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Unformatted text preview: His success in conducting himself nobly and honorably helps Deerslayer to face the other two problems in the book: the ordeal at the stake and the love of Judith Hutter. The first problem is of course concerned with Deerslayer's physical survival, and the several long efforts of Cooper to lend suspense and excitement (for example, the furlough, the escape, recapture, and torture by tomahawk) make The Deerslayer a thrilling adventure story. The effect of Deerslayer's honorable treatment of his dying foe, Le Loup Cervier, is two-fold in this trial: Deerslayer is accorded recognition and even the offer of acceptance into the tribe by the Mingos; and he gains an inner strength to help him sustain the promised agonies at the stake. He shows heroism increasingly as all the participants (including his friends on the ark) admire his stance and listen to his comments about his apparently...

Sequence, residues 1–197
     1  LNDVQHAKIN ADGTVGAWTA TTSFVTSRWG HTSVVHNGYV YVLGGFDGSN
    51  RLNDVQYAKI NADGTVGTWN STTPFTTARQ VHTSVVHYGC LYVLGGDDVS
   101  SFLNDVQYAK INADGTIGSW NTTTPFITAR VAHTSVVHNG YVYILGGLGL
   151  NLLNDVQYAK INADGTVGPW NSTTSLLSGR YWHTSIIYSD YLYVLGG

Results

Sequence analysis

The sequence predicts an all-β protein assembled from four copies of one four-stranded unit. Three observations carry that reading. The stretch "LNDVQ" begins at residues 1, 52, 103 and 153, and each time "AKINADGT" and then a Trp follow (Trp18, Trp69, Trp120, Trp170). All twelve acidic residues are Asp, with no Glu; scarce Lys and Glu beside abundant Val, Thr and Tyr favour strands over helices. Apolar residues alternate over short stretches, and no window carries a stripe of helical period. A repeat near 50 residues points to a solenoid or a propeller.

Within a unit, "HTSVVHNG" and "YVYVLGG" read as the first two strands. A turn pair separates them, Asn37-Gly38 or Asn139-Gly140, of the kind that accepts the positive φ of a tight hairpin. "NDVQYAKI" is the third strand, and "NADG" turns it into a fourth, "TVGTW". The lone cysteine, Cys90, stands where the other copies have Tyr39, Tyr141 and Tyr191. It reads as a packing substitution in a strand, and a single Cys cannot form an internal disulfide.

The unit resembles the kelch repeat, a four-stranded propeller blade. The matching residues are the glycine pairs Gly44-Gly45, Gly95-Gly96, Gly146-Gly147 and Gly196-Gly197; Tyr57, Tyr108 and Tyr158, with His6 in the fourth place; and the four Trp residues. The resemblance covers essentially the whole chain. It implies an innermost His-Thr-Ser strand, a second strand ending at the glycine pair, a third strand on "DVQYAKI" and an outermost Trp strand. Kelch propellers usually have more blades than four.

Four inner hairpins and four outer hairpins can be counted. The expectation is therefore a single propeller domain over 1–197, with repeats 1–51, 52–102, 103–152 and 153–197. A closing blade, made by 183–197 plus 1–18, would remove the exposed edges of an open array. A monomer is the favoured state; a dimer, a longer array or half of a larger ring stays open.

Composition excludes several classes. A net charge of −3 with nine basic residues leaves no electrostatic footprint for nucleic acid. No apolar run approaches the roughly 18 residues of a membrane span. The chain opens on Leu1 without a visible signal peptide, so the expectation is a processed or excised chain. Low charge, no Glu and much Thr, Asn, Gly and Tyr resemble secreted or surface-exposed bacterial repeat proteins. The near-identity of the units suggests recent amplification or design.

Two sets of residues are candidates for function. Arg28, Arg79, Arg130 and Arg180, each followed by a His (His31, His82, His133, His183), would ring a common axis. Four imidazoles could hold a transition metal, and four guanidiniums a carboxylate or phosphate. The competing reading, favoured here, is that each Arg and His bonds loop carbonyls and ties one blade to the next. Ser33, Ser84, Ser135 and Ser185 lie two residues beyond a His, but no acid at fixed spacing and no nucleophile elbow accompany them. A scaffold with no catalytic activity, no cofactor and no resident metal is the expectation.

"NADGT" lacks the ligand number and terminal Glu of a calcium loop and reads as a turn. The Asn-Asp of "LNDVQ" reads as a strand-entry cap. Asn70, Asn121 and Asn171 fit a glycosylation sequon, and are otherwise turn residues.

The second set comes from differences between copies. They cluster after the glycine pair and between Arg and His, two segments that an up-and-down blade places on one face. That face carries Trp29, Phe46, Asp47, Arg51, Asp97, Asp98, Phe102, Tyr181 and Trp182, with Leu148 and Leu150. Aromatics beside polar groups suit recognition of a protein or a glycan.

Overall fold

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- Fall '11